Clate started playing tee ball at the age of four, and it only took Dwight a couple of practices to realize he needed to be the one coaching him if he wanted his son to learn the game the right way.

“Baseball is one of the purest forms of sport there is, and it carries over into life,” said Dwight. “What happens in baseball is what happens in life. And that’s one of the things he understands – how do you pick yourself up after you get knocked down? Baseball is the same thing.”

Dwight coached both of his sons’ teams from tee ball all the way through travel ball in high school, and a family atmosphere surrounded all those teams since they were largely built around a core group of seven or eight kids who grew up together in Acworth, Ga., a city in Cobb County just north of Atlanta.

“If there was a kid who was sick on one of those teams, Clarke would come up and play in the outfield for his older brother,” recalled Dwight. “It was a family atmosphere, and it was just the way we wanted it to be done. We had a rule that you couldn’t have parents between the dugouts. And that’s the one thing we always taught the boys. When you’re out there playing, play the right way and never let your foot off the gas pedal.”

While Dwight continued to coach both boys, he was still active duty in the Marines, and that meant going overseas and into enemy territory. He spent seven-and-a-half months in Iraq when Clate was in middle school. Coaching baseball in Georgia while stationed in Iraq was tricky, of course.

Tricky…but not impossible.

Dwight would schedule his missions so he could fly at night, and being about nine hours ahead, that made him available to get on a telephone and participate in his sons’ games.

“Skype was just starting back then, and it would be about three or four in the morning over there,” said Dwight. “And I’d get on a phone, and I’d call Renee and say, ‘Hey, where are they at right now?’ And they’d pass the phone around to the kids in the dugouts. And I’d sit on the phone the entire game – and never missed a game. They won the (league) championship that year.”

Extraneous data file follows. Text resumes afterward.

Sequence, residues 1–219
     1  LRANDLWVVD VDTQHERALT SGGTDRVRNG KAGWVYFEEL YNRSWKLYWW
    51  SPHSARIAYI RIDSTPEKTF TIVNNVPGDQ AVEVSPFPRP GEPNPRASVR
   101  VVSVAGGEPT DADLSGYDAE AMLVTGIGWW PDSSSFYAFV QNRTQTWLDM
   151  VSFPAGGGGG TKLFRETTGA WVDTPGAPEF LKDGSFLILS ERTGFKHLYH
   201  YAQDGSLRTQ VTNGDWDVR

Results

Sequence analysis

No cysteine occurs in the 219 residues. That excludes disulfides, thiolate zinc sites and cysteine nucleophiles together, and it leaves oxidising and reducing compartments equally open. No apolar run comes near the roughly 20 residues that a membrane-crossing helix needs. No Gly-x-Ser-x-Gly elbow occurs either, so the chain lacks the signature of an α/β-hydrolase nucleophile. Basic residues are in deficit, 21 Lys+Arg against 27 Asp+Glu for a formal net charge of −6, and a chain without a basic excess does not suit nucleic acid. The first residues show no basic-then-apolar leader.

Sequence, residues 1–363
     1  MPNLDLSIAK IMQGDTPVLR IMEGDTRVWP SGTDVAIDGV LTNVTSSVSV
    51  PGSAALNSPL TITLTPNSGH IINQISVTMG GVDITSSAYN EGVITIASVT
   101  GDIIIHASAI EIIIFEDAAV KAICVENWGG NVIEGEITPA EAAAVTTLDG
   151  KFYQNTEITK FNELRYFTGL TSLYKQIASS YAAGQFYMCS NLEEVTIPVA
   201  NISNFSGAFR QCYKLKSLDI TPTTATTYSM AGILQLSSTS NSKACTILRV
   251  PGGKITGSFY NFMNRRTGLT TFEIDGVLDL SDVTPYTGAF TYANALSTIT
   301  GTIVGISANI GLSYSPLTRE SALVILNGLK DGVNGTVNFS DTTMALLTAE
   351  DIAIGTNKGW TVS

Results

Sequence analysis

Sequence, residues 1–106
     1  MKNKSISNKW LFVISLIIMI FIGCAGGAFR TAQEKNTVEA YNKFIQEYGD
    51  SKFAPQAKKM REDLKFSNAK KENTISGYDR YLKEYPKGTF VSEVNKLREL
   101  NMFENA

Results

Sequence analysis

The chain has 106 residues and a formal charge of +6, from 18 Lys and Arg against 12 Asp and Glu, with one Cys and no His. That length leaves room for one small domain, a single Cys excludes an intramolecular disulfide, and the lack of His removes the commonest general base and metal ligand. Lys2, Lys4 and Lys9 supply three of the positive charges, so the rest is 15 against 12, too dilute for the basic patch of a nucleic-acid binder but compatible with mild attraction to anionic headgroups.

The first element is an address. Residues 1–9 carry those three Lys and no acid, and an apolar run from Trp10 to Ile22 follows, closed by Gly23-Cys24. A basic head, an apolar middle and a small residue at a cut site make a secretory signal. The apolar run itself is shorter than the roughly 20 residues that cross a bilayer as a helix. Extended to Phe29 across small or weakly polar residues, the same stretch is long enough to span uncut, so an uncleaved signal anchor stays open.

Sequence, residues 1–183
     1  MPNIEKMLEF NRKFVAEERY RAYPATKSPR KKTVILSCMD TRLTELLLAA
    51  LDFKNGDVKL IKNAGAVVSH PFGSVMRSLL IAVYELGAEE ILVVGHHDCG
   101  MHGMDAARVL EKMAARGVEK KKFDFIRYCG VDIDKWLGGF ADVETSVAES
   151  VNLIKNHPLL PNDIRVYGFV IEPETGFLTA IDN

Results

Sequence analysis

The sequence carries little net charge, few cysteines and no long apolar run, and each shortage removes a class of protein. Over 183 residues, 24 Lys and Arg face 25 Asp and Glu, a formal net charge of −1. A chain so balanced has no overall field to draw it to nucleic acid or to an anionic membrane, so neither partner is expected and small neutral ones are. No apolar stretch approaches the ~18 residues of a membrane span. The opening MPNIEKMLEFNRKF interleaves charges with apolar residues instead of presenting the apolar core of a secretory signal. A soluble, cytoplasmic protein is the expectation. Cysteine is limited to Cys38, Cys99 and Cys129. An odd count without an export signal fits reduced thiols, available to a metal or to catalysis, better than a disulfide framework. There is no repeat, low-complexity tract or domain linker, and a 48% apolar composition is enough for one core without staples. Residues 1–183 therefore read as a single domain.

And so it went for most of Clate and Clarke’s upbringing. Of course, with Dwight away protecting America’s freedom, Renee had to function as a single parent for months at a time.

“People don’t understand how when a man – or woman – leaves for six months or nine months of a year at a time, that one individual not only runs the house but upholds everything,” stated Dwight. “It’s something else.”

And even with his father away, Clate had another major baseball influence in his life. His love of the game did not come just from Dwight, but also his mother’s father, J.D. Crabtree, known as “Pop” to his grandsons. Crabtree was a standout baseball player in his own right during his younger years, a lefthanded junk-ball pitcher who once tried out for the Cincinnati Reds. He also had a military background and had been drafted and served with Elvis Presley in Germany in the 1950s.